The mid 1970s was a time of tight pants and even tighter radio playlists. The Runaways tells the true story of hard rock’s pioneer all-girl band, whose butch-meets-femme iconography had more impact than their invigoratingly raw music. Fans of David Bowie, Iggy Pop, and Suzi Quatro, the Runaways prefigured punk’s DIY attitude, and they collapsed the distance between artist and audience in a way that said, “If we can do it, you can too.” Although they never hit the big time in the US, they influenced generations of female musicians.
Their saga, which includes drug addiction and exploitation by their elders, was told in the bleak 2004 documentary Edgeplay: A Film About the Runaways, by former member Victory Tischler-Blue. (Guitarist Joan Jett, an executive producer of the new movie, didn’t participate in that one.) With a screenplay based on singer Cherie Currie’s autobiography, Floria Sigismondi’s mixed-bag debut feature, though offering nightmarish sequences in which the teens are clearly in over their heads, merely skims the surface.
The Runaways were born amid the loopy decadence of LA’s Sunset Strip scene and shaped by the skewed proclivities of producer Kim Fowley. High-schooler Joan Marie Larkin (Twilight’s Kristen Stewart), who wears her black leather jacket and her “Jett” pseudonym as badges of honor, summons the courage to tell Fowley (Michael Shannon) she wants to start an all-girl band. Fowley digs her audacity, and he pairs her with drummer Sandy West (Stella Maeve). Fowley and Jett find their trailer-park Brigitte Bardot, 15-year-old Cherie Currie (Dakota Fanning), in Rodney Bingenheimer’s English Disco. Currie is an outsider too, drawing catcalls when she lip-synchs to Bowie in Aladdin Sane make-up in the school talent contest.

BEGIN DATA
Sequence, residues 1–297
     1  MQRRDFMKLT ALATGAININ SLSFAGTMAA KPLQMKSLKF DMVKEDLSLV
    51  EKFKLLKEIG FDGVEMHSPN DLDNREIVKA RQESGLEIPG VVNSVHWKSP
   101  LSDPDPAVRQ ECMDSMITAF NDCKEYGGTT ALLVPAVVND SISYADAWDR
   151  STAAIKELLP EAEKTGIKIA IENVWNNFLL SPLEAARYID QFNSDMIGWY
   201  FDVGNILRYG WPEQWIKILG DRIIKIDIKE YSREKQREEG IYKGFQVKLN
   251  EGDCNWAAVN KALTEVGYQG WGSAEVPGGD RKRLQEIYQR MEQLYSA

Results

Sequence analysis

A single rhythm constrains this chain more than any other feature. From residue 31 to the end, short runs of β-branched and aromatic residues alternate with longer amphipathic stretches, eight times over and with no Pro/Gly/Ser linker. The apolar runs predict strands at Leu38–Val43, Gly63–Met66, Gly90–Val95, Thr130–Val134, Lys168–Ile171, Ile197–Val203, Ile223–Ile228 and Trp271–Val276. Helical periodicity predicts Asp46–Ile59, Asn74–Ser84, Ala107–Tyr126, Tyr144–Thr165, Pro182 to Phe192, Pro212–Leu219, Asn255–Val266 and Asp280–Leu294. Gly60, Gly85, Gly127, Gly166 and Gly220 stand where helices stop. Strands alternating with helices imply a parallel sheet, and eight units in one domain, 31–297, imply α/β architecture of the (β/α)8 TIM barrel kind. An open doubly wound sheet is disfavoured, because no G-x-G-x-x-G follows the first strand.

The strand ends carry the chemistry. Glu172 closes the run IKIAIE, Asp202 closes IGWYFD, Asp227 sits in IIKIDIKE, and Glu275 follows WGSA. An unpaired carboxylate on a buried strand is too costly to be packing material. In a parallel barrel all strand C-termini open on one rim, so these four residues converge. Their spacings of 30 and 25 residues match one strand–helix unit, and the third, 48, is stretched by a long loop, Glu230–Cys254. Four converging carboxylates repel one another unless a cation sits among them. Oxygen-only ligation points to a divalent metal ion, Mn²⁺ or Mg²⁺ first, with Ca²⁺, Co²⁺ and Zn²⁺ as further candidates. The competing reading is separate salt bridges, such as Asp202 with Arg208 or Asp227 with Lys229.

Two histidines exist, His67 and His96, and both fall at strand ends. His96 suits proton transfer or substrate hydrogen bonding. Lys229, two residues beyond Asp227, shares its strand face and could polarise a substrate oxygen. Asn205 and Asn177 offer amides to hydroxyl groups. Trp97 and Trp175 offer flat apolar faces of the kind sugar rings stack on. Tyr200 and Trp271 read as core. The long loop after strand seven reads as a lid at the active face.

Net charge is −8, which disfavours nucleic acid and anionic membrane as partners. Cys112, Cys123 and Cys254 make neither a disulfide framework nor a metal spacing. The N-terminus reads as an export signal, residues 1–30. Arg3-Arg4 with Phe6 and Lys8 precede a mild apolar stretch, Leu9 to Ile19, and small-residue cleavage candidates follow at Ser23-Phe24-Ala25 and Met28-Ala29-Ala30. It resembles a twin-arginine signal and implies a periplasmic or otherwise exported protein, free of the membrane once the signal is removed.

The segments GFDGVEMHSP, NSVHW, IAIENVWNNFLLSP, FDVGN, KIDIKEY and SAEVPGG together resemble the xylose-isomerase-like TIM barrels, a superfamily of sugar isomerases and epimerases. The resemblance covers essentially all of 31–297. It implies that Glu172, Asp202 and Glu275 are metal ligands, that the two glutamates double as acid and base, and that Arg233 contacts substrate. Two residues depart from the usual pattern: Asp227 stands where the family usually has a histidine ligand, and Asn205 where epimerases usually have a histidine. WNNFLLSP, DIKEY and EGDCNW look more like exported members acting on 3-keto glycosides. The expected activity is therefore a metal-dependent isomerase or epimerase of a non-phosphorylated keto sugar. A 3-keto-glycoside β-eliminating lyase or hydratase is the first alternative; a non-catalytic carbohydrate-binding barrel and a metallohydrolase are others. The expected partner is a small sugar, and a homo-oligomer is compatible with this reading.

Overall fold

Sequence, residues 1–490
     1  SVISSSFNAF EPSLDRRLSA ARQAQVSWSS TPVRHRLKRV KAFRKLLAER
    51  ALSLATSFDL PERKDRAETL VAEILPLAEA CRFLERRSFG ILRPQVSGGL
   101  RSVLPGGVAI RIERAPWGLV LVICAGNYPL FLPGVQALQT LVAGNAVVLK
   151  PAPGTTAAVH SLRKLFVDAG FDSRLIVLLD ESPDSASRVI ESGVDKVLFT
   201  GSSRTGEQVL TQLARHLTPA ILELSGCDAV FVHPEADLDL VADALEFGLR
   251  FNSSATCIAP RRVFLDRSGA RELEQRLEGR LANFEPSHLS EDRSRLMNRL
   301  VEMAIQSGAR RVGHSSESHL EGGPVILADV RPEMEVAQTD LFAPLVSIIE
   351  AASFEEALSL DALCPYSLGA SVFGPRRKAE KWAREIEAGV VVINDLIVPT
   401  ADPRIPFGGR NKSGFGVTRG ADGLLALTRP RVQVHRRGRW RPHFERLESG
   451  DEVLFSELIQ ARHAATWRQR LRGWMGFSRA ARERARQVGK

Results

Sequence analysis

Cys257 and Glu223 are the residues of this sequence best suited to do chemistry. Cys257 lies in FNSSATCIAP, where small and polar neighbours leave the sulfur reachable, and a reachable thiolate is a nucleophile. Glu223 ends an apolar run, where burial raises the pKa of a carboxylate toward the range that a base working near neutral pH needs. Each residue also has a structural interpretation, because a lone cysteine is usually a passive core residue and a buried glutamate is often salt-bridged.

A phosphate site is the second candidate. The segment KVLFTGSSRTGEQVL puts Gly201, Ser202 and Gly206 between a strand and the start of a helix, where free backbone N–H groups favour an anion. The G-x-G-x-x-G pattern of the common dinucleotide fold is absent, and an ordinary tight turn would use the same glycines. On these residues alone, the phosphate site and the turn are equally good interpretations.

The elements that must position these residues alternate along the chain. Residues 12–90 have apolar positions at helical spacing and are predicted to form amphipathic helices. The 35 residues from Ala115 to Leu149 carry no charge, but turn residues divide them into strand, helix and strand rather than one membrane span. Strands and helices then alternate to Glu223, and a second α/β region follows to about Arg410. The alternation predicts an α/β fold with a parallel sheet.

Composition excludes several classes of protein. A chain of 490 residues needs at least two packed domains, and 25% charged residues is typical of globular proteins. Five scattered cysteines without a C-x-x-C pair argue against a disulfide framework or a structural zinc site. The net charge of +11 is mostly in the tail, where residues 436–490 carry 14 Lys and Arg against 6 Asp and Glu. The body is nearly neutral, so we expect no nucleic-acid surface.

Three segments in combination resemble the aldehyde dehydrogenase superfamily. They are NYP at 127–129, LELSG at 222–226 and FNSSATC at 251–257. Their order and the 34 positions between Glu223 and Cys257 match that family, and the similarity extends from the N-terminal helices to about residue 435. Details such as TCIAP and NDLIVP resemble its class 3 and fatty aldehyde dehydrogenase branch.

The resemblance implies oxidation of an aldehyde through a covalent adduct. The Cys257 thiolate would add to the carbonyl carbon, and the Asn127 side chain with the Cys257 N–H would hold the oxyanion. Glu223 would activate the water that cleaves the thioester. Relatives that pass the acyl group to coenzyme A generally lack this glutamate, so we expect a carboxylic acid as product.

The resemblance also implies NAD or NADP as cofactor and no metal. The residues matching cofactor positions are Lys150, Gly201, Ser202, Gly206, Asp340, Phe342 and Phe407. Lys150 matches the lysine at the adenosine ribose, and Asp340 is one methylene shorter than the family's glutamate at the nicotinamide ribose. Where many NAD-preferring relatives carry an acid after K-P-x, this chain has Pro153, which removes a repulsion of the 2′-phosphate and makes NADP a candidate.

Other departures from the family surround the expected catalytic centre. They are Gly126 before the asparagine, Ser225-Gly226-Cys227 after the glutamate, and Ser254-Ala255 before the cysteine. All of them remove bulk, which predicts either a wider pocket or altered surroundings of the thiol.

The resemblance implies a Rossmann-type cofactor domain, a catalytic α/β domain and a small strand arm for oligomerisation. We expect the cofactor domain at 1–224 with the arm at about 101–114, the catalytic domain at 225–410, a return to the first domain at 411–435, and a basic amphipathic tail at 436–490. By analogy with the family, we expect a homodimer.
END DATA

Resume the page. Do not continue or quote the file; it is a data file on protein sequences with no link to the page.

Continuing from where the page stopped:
Shannon’s Fowley is a marvelously profane version of James Cagney in Footlight Parade as he attempts to mold the Runaways into the ideal jack-off rock-and-roll experience. He excoriates the girls as “dogs” who need to “think like men . . . with your cocks.” He and Jett brainstorm the lyrics to the classic “Cherry Bomb.” Once his PR effort takes off, he exploits Currie’s willingness to pose in provocative outfits.
The movie plays chutes-and-ladders with the band’s trajectory while also recounting the Currie family’s woes. (Cherie’s sister Marie is left to take care of the girls’ alcoholic father.) The Runaways play dive venues in this country (the clean mix of the live songs seems highly implausible — you can even understand the lyrics!) but are treated like rock goddesses in Japan. The combination of unsupervised young ’uns, predatory men, and plentiful drugs is a recipe for disaster. Along the way, Currie finds comfort in the arms of Jett (there’s a tender love scene), and both are sustained by the kick-ass tunes that fill the soundtrack.
There are memorable moments that mitigate the lax storytelling — the opening close-up of a drop of Currie’s first-menstrual-period blood hitting hot pavement is a potent and hilarious foreshadowing of innocence lost. Shannon is perfectly cast, though he doesn’t get to be as scary as the real Fowley (who’s a creepy presence in the 2003 documentary Mayor of the Sunset Strip). Fanning acts out suburbanite Currie’s transition to jailbait poster girl with affecting vulnerability, and if Stewart’s Jett seems a bit subdued, that’s okay. Jett is in it for the long haul; she cares about the music, and about their legacy. Imperfect as it is, The Runaways might have a legacy as well.